The Italian Government is working on a restructuring plan which could cut the Italian air force's squadron numbers by more than one-third and slash staff levels.
The air force's plans for a 350-strong combat aircraft fleet appear untenable, and the Government is virtually certain to seek swingeing cuts in squadron numbers, according to defence sources.
If all the proposed cuts go through, the air force would be left with only 12 front-line squadrons by 2005, compared with 21 units this year.
Cuts under consideration include disbanding two air-defence squadrons, leaving what would eventually be four Eurofighter EF2000-equipped units.
Strike squadron numbers are also under threat. The air force will have to decide by 1999 whether to retain three Panavia Tornado squadrons dedicated for the strike mission, or whether to turn one into an operational conversion unit (OCU), retaining only a secondary-strike capability.
Establishing the OCU has become necessary because of the closure of the tri-national unit at Cottesmore in the UK. The Italian air force is also discussing with its German counterpart whether it could use the latter's Tornado training unit at Holloman AFB in New Mexico.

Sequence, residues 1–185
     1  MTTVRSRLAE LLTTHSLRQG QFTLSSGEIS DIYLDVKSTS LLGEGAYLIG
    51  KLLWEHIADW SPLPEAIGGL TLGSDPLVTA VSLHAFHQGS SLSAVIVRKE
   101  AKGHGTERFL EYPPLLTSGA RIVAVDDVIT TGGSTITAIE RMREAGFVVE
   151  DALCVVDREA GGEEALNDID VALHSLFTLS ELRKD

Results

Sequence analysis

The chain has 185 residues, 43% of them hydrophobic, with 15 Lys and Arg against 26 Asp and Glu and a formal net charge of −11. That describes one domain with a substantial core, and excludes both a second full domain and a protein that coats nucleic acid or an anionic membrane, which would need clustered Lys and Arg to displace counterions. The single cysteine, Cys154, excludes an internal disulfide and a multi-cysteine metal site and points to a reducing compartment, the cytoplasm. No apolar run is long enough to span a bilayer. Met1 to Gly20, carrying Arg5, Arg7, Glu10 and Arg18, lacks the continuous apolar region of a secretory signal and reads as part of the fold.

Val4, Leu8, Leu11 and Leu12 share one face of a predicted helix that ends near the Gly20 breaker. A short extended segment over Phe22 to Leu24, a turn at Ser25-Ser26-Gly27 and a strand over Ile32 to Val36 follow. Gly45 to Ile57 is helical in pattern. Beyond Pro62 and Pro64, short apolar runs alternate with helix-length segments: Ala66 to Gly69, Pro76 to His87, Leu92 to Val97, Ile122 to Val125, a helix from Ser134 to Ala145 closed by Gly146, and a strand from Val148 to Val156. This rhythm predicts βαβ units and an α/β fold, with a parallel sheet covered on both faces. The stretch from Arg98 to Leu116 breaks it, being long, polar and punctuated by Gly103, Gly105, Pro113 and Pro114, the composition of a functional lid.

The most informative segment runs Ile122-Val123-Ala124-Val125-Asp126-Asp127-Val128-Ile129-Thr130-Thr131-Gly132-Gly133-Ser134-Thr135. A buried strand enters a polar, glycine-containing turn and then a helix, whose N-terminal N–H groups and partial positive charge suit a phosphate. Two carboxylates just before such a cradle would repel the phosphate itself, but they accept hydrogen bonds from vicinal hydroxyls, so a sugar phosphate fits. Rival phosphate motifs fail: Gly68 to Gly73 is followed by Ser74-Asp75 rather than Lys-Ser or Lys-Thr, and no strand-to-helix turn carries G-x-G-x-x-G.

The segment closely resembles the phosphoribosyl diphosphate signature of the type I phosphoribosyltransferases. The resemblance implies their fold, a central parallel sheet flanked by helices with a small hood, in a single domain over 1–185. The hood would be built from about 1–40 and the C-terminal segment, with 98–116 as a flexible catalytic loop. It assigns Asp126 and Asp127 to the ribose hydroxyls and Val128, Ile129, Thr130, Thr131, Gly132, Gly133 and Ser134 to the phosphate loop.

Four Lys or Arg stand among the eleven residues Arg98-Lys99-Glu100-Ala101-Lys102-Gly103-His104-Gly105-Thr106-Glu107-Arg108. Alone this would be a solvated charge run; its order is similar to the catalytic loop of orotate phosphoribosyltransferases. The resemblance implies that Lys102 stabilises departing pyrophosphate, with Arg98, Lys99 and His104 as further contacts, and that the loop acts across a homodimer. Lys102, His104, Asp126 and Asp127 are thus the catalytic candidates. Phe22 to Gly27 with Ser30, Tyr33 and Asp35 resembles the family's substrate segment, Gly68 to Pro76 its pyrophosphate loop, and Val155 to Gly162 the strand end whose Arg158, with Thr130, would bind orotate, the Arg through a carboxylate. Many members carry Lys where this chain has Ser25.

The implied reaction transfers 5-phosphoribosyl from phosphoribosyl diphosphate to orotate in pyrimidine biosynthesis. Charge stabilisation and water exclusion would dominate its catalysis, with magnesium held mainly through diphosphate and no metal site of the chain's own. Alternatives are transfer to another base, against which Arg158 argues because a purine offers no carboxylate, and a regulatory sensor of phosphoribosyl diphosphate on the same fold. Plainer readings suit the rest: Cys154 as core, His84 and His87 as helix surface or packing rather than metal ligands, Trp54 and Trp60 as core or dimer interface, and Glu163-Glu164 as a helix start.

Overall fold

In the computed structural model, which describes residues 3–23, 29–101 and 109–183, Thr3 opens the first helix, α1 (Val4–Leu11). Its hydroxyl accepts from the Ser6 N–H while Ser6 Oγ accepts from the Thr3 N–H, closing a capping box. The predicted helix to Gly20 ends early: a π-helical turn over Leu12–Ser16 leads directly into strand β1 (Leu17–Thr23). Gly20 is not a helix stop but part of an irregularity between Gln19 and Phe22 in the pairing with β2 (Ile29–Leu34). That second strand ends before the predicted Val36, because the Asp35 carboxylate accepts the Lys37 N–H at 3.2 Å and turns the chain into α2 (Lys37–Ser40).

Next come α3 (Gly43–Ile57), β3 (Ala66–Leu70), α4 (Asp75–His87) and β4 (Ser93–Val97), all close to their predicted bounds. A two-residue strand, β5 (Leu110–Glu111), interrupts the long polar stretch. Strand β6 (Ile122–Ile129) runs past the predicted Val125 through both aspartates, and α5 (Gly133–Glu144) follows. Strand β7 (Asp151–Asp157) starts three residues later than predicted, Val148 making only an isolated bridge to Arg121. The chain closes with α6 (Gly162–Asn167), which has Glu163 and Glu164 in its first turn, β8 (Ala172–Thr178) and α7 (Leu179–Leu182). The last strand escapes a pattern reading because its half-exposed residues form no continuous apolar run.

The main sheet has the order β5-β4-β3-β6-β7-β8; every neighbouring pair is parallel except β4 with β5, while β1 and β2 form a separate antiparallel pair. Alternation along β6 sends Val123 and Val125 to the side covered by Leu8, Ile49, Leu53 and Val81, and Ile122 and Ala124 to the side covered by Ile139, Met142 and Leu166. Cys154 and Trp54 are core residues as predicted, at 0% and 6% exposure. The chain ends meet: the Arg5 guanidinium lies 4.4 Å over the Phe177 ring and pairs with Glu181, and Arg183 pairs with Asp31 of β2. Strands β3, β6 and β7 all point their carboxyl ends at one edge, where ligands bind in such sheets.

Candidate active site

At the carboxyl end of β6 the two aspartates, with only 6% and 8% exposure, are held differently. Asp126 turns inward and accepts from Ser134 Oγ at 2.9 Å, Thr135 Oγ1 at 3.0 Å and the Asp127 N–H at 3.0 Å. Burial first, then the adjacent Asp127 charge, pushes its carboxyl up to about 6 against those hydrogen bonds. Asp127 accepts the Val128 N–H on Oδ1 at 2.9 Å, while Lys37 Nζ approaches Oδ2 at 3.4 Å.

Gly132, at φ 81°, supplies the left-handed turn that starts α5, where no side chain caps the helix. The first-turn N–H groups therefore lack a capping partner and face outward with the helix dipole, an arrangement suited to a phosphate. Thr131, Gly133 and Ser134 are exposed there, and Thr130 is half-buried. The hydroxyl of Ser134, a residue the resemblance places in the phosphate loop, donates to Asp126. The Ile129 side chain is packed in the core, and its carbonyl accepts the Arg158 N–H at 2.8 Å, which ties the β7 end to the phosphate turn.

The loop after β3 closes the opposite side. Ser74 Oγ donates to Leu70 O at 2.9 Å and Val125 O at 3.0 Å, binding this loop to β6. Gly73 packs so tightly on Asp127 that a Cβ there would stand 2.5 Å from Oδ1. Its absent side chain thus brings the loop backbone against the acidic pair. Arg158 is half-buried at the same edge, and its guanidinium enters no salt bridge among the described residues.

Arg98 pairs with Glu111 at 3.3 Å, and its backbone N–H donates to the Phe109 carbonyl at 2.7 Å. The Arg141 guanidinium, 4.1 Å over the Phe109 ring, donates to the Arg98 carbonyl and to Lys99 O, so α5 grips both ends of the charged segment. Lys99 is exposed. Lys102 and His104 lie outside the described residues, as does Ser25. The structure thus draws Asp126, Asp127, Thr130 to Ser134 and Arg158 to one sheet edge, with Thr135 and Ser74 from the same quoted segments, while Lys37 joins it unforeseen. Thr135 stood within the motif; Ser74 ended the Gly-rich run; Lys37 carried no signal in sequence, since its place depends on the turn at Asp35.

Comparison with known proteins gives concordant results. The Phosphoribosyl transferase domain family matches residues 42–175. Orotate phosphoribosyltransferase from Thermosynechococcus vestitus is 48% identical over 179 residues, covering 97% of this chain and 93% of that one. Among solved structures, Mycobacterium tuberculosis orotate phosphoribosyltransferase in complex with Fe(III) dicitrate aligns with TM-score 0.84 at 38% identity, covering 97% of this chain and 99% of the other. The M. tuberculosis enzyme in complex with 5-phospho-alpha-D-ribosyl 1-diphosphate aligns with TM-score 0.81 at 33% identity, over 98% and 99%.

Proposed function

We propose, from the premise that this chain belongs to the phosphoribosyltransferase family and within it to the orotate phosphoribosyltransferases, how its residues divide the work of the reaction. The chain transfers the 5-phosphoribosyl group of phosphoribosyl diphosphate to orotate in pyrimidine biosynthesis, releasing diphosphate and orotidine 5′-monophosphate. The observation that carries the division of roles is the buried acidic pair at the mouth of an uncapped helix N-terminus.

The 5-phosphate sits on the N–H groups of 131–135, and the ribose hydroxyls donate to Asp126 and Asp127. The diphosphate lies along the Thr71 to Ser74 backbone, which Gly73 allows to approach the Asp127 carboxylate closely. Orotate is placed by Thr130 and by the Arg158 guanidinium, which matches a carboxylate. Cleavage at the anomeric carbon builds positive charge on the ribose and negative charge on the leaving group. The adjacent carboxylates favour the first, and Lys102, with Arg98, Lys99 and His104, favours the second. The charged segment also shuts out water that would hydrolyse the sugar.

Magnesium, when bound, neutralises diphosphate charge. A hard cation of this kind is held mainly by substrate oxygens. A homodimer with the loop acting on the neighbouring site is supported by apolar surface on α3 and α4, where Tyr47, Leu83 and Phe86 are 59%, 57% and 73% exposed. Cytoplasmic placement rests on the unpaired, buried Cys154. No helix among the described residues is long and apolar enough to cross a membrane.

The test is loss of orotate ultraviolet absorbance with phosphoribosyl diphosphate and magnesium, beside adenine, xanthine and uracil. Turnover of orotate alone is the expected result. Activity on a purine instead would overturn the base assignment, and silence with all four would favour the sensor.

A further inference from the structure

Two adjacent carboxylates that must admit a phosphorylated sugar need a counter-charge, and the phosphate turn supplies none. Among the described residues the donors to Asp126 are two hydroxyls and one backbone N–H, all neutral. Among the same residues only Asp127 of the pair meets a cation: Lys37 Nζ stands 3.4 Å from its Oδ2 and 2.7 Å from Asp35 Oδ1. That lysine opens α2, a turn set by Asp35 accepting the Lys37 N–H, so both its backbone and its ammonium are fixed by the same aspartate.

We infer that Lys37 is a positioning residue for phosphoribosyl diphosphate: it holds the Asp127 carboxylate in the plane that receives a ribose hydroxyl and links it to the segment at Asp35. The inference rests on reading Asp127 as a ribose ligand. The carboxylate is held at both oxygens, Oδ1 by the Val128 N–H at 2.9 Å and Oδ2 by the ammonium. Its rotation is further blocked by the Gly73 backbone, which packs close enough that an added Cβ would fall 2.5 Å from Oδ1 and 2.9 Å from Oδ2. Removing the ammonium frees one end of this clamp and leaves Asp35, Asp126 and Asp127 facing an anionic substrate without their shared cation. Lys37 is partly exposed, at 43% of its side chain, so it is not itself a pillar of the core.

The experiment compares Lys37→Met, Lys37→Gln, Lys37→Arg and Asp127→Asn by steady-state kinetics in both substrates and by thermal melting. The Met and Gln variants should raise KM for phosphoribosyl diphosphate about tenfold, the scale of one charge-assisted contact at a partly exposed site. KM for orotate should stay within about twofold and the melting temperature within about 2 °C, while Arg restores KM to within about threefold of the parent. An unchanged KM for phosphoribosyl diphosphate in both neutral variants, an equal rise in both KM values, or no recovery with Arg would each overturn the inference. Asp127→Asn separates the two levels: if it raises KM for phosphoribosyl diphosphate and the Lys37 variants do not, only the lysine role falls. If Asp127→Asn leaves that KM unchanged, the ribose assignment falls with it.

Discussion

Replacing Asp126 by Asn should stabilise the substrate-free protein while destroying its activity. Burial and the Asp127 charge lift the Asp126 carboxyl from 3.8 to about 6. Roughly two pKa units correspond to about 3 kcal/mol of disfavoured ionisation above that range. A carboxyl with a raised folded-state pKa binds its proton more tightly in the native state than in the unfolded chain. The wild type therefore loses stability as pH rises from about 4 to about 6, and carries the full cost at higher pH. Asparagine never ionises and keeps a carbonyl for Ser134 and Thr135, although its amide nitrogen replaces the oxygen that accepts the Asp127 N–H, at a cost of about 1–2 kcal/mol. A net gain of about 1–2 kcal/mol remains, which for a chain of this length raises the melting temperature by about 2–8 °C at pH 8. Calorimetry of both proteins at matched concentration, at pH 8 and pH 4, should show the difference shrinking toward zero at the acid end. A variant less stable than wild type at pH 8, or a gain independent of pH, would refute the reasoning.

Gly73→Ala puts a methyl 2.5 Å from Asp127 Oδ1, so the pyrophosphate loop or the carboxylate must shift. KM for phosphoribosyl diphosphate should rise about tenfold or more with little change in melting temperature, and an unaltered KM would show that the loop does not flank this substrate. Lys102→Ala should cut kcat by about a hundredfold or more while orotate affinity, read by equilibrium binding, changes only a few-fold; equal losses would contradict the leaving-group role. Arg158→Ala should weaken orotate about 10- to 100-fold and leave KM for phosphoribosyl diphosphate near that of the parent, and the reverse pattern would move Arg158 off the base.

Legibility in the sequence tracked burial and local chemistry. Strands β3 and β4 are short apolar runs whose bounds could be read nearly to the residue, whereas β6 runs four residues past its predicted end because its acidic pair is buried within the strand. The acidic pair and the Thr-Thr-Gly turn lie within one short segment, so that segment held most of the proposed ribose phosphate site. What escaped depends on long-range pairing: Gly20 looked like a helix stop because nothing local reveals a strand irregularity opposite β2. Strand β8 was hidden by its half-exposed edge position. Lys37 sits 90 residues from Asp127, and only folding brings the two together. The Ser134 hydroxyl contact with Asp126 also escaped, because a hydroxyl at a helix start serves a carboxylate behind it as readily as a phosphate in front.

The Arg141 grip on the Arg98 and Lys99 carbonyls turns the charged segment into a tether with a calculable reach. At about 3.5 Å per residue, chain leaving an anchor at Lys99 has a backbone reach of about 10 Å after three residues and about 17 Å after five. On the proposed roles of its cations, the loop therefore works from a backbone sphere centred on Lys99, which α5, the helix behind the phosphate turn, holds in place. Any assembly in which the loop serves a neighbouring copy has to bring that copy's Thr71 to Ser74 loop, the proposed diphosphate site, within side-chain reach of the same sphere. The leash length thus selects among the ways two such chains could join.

The air force's Alenia/Embraer AMX fighter-bomber/reconnaissance squadrons are also being cut. One of the two dedicated reconnaissance squadrons has already been disbanded, and one of the four fighter-bomber units also faces the axe. The Government review is also likely to force the air force to abandon its plans to modify the AMX for the electronic-warfare role.
The air force's transport plans are also under threat. It had hoped for a total of 60 aircraft, a mix of Alenia G222 and Lockheed Martin C-130JHercules, equipping four squadrons. Its ambition to form a fourth transport unit has been shelved, however.
Personnel numbers will also be reduced significantly. The official goal is to have an air force of 60,000 by late 1998, but a further cut of 5,000 is already being considered. The air force's command staff will be reduced by up to 50%.
The cuts are thought to be driven in part by a major shortfall in the air force's operating, maintenance and support funding.
Source: Flight International